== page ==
Why is there a community protest at the Queensland Children’s Hospital site in Brisbane, Australia?
Workers are demanding a union enterprise bargaining agreement with the main contractor, Abigroup, and a clause to ensure that all workers employed by subcontractors on the site are paid the rate for the job. Almost all the workers on the site are employed by subcontractors rather than Abigroup, and rates for similar jobs with different subcontractors can vary by up to $10 an hour.
How did the dispute start?
It started on 6 August when a gyprocking subcontractor failed, leaving the workers employed by it in the lurch. Trade unionists had been complaining on this point for months. The November 2011 Construction Journal, produced by the CFMEU union’s construction division, reported: “Contractors are cutting each other’s throats to win [work at] the Abigroup site at the Queensland Children’s Hospital... They are using tricks to reduce their price... Some of these plasterboard companies are taking it one step further, using multiple subsidiary companies under their banner in order to divide up the workers’ entitlements...”
How has Abigroup responded?
Abigroup is owned by the giant Lend Lease corporation, which reported $500 million profits for the year to 30 June 2012. Its chief executive Steve McCann was paid $7.33 million for the 2012 financial year, a 66% pay rise. It has also recently had to sideline four top executives for financial misreporting.
Abigroup says it is losing $300,000 a day. Until 4 September Abigroup refused to talk or try to find an agreement to enable work to resume. It looks like Abigroup underestimated the workers and thought the dispute would quickly collapse. Now Abigroup has at least started talking. The workers want talks and a speedy agreement.
Why are the workers’ demands important?
Winning decent pay and conditions on construction sites is difficult, because jobs come and go. The same battle has to be fought again on every new job.
When union organisation is weak or broken in construction, then even on big sites workers are employed by lots of different subcontractors, or by labour-hire companies, with no security if the company fails. Similar work is paid different wages. Workers are taken on as “self-employed” so that the subcontractors can avoid their responsibilities for sick pay, superannuation, etc. Fly-by-night subcontractors go for quick profits and take no responsibility for the finished job.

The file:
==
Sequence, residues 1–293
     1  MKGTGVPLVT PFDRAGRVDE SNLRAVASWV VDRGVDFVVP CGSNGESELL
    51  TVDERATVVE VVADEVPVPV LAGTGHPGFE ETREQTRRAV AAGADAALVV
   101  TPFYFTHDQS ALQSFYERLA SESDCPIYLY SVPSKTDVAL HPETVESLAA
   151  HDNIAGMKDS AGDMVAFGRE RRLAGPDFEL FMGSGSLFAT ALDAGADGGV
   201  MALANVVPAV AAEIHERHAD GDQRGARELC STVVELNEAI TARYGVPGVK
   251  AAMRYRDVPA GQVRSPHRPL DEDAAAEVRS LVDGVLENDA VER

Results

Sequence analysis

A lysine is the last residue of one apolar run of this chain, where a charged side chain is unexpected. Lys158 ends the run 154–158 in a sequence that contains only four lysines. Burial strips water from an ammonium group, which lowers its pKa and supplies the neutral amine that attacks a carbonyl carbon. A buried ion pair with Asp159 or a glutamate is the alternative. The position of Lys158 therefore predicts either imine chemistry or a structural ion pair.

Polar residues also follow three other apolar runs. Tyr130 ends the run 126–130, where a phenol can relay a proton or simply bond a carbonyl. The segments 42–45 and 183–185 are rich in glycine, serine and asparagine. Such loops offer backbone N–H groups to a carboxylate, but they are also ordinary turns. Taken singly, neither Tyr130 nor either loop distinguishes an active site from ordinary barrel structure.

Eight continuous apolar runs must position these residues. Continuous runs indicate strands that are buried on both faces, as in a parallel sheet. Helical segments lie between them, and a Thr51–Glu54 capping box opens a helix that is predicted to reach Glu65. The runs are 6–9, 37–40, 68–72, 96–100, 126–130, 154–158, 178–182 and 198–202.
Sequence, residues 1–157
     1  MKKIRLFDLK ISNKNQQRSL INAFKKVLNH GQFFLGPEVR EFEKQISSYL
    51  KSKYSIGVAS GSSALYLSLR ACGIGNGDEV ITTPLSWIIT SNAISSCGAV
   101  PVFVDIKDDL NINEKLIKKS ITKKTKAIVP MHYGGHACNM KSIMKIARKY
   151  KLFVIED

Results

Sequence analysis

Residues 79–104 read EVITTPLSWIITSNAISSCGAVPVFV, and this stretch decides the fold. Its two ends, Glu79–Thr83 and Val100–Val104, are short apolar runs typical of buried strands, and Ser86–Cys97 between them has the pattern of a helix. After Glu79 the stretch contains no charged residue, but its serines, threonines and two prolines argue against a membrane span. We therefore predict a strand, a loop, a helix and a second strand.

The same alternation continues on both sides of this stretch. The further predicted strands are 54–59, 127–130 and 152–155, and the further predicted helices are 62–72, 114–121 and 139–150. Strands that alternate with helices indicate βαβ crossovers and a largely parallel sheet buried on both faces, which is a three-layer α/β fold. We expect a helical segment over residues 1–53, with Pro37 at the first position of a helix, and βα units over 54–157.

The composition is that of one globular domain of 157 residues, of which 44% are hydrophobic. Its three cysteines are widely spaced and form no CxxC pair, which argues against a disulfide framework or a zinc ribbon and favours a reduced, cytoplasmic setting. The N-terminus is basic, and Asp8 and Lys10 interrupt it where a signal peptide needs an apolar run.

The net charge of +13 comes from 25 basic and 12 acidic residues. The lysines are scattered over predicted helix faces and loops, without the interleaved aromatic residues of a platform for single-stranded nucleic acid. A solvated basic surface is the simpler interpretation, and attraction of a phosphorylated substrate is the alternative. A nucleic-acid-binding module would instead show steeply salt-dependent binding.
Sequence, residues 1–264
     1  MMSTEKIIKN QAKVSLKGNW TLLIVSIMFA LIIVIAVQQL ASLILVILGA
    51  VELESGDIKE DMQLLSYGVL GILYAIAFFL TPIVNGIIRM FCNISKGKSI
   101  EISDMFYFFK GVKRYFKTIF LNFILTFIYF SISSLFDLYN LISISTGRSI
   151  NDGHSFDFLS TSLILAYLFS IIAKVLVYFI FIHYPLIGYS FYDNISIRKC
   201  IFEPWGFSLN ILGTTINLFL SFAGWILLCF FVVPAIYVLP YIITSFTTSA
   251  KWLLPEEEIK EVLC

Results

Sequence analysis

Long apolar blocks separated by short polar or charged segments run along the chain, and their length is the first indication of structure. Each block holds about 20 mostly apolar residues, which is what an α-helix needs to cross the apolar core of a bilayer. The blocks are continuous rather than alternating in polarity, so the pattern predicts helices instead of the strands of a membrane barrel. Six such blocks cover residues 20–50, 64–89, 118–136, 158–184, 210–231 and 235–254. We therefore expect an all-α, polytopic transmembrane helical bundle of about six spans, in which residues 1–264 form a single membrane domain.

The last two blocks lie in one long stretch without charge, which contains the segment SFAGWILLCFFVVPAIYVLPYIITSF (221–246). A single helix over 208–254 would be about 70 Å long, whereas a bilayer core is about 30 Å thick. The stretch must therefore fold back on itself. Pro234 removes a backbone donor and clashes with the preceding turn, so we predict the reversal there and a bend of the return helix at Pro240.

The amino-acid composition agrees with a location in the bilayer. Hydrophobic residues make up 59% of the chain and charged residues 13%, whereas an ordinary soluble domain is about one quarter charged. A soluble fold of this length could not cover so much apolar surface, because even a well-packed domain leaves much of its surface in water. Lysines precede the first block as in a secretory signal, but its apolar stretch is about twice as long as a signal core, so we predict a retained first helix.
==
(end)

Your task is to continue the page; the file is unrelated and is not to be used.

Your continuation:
The workers want the new hospital to be built to good standards and on time. They also want to hold the line for decent negotiated standards in the construction industry.
Aren’t the workers breaking the law?
Injunctions have been served against officials of the CFMEU, the BLF, the ETU, and the Plumbers’ Union to stay away from the site. The workers are therefore continuing their dispute as a community protest. Injunctions have been threatened against protest organisers. The great majority of the workers have no legal proceedings against them, and are not likely to have. The dispute will continue, whatever the legal proceedings, until Abigroup settles.
Australian law is exceptionally reluctant to recognise workers’ rights to withdraw their labour. By contrast, France’s constitution, for example, has the right to strike written into it as an individual right for every worker. France has, by most measures, the world’s highest labour productivity.
Workers are not slaves or serfs. The right to withdraw your labour when conditions become unacceptable is a basic right.
How can we find out more, or support the workers?
The workers welcome messages of support which show other workers are with them in in the long battle for a world where the working class controls economic life, and where workers enjoy the right to a secure livelihood, worthwhile work, decent conditions, and good social provision — rather than labouring for the profit of a wealthy few.
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